I want to make my small contribution to the big picture

Zheng Ju-Sheng

China crisis: Tackling diabetes

Diabetes isn’t just a western problem these days. Perhaps you’ve read about recent trials that indicated omega 3 fatty acids like the ones manufactured by DSM could help type 2 Chinese sufferers. Or the follow-up research in the Scientific Reports journal? Or maybe you read in the New York Times about the link that Chinese researchers have made between high blood pressure in pregnant mothers and obesity rates in the children? If you have, the chances are that one extraordinary young scientist is behind it…

Zheng Ju-Sheng

In China a vast new middle class has abandoned its bicycles for cars and is using its newfound wealth to supplement rice & vegetables with red meat.

The result: A sharp rise in diabetes type 2. The solution…could well be omega 3 fatty acid according to Cambridge University post-doctoral research fellow and past winner of the DSM Science & Technology Award, Dr Zheng Ju-Sheng.

Specifically he organized a clinical trial involving 185 diabetics spread the length and breadth of China to try and prove the effectiveness of omega 3 in treating diabetes 2 and possibly even cardiovascular disease.

Participants were randomized into three groups and took fish oil (a source of marine-derived omega-3), flaxseed oil (a source of plant-derived omega-3) and corn oil (as a control supplement) respectively for six months.

The results indicated what we had hoped. Omega 3 has the potential to benefit both diabetes and diabetic complications,” he says (which makes the work of DSM’s own Norman Salem in developing algal-based oils even more important should, as seems likely, worldwide demand for Omega 3 continue to rise).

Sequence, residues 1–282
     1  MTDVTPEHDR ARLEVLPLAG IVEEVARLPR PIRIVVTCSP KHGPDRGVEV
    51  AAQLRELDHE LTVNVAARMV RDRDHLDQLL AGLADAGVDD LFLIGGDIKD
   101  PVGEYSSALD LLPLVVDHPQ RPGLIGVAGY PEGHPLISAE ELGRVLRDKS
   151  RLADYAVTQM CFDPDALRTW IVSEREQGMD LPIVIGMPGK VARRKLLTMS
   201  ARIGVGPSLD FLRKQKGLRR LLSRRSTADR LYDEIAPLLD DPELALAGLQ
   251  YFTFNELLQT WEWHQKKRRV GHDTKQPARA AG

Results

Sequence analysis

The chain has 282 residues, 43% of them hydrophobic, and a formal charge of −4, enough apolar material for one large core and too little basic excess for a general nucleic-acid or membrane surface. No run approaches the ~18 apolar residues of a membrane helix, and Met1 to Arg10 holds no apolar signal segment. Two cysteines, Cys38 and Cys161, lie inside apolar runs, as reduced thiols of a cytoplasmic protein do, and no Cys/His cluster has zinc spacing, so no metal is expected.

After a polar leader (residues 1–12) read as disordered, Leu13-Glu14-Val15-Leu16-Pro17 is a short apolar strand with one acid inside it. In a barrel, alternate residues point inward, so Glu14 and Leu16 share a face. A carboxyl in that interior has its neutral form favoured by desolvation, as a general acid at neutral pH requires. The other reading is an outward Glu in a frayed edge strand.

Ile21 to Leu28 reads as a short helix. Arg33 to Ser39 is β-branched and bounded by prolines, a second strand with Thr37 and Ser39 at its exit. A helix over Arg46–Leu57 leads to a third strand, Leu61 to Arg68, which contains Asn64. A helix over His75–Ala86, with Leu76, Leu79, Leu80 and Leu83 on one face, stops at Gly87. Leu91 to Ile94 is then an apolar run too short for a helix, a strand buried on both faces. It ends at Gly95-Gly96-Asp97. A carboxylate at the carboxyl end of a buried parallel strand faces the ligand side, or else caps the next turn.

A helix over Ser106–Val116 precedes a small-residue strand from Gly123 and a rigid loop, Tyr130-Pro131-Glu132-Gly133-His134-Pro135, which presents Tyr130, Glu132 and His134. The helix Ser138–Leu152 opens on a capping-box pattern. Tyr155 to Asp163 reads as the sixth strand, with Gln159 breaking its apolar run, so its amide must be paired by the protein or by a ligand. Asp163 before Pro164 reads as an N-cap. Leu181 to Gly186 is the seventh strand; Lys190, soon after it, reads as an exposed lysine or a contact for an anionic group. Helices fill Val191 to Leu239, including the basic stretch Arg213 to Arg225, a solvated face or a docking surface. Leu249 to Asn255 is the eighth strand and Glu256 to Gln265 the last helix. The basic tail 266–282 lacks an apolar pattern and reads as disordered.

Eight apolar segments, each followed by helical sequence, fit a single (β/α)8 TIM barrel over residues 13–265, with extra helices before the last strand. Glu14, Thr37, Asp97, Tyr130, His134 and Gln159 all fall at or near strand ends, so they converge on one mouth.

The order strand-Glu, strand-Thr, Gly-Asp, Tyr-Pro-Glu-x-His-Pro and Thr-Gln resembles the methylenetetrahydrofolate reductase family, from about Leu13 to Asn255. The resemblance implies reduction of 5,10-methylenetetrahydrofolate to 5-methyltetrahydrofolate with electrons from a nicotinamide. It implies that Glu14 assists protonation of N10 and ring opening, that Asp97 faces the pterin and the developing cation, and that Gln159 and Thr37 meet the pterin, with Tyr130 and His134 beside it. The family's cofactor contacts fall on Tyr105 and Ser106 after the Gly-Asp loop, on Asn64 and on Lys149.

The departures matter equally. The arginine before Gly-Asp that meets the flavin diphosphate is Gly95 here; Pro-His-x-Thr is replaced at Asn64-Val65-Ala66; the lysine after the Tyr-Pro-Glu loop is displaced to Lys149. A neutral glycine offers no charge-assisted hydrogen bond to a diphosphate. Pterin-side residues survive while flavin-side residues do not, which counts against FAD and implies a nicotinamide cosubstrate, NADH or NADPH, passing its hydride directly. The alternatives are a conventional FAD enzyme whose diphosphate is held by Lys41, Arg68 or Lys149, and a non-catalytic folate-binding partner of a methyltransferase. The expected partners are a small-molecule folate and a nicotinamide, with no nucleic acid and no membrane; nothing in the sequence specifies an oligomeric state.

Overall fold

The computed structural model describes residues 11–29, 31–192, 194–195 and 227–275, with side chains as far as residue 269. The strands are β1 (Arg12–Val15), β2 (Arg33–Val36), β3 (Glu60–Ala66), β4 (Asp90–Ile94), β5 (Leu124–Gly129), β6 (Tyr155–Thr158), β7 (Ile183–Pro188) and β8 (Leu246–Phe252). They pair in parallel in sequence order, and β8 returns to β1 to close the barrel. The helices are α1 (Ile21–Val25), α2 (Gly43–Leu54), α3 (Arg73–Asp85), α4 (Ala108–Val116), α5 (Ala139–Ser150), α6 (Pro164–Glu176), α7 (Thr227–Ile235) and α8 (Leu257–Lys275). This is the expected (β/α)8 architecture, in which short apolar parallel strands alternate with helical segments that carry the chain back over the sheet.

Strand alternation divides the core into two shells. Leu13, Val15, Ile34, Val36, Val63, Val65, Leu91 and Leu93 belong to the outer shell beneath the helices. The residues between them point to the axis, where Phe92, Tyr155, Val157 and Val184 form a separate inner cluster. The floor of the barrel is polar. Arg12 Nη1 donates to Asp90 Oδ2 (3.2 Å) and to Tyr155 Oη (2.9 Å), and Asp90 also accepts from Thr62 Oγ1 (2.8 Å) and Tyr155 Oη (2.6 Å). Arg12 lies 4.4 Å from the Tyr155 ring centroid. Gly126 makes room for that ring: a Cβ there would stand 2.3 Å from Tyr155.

The work of Ju-Sheng and his colleagues have been published in various journals including the influential Molecular Nutrition & Food Research, as well as The New York Times – which featured his eye-opening research into childhood obesity and its link to high pressure during pregnancy.

We found that the majority of women who are not hypertensive are still at risk when their blood pressure increases even to levels not generally considered dangerous - and there is still that obesity risk to offspring.”

He continues: “The human body works in mysterious ways. It's another challenge we have to face – and I’m sure that a science community – and a society - we’ll solve it.”

Pioneers of science, we salute you

We hear much about the world’s problems, but less about the people who continue to solve them. Here are just some stories about both legendary and unsung scientific heroes that have inspired us.